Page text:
He received a $3 million appearance fee to play in Australia, half of that paid by the state government.

“I don’t think he’s expected to come back,” Ian Baker-Finch said. “But it would be great if he did to defend.”

The bigger question: What happens to golf in Australia when he doesn’t return?

For a country that produces more PGA Tour players than any other outside the United States, golf Down Under has been lagging over the last decade with a drop in sponsorship and interest. Not since Greg Norman was No. 1 in the world has there been the kind of buzz that took Kingston Heath hostage for a week.

“We had a massive spike,” said David Rollo, who runs tournament operations for IMG in Australia. “If we don’t have something that’s not 80 percent of this, we’ll have lost an opportunity.”

The appeal of Woods was alarming.

Yes, he attracts large crowds wherever he goes. The fans in China were the largest ever for when Woods played the HSBC Champions the previous week in Shanghai. Woods now has won in 13 countries, and he has captured a trophy on every continent that plays golf. Even so, Melbourne is one of the world’s great sporting cities, used to seeing some of the biggest stars in cricket, rugby, tennis, swimming.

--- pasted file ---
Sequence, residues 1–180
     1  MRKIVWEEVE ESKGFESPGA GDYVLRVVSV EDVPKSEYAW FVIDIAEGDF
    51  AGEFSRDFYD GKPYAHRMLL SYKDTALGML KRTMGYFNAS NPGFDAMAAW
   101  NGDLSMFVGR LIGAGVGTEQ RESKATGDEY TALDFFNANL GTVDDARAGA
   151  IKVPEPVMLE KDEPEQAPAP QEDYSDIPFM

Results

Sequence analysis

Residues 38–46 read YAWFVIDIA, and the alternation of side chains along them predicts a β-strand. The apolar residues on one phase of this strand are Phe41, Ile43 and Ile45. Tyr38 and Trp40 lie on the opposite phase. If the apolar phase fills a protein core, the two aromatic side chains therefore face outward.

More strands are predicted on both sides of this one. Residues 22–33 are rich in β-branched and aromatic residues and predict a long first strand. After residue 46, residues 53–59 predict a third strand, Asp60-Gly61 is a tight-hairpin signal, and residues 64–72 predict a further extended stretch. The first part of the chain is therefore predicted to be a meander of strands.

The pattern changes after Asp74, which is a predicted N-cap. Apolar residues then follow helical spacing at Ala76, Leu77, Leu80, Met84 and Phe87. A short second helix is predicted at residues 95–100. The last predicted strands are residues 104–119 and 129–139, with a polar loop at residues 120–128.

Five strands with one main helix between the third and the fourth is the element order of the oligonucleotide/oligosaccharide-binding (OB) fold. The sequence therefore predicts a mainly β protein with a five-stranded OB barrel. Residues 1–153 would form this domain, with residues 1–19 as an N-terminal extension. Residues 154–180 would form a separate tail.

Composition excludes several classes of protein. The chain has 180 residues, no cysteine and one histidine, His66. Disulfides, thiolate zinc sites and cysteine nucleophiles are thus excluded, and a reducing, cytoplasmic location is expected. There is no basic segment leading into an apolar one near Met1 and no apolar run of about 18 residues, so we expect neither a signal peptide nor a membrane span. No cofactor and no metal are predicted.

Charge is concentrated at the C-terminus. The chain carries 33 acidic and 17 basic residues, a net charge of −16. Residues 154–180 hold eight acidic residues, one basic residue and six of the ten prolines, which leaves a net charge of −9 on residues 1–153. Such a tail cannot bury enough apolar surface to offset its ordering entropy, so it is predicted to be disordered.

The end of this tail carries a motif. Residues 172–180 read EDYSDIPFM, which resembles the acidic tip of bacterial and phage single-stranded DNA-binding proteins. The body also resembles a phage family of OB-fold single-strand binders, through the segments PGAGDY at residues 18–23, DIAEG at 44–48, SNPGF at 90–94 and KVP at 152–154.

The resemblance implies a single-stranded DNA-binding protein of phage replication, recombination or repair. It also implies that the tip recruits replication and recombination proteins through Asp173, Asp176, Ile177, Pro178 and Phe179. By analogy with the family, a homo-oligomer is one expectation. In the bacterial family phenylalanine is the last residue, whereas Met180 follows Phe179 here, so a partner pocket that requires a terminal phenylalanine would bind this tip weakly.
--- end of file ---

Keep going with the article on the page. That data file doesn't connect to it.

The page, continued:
Woods captivated them like few others.

A woman standing near the first green on Saturday looked down on a reporter who was inside the ropes. She wasn’t sure why he was there, only that he had an unobstructed view of Woods.

“This must be the greatest day of your life,” she said.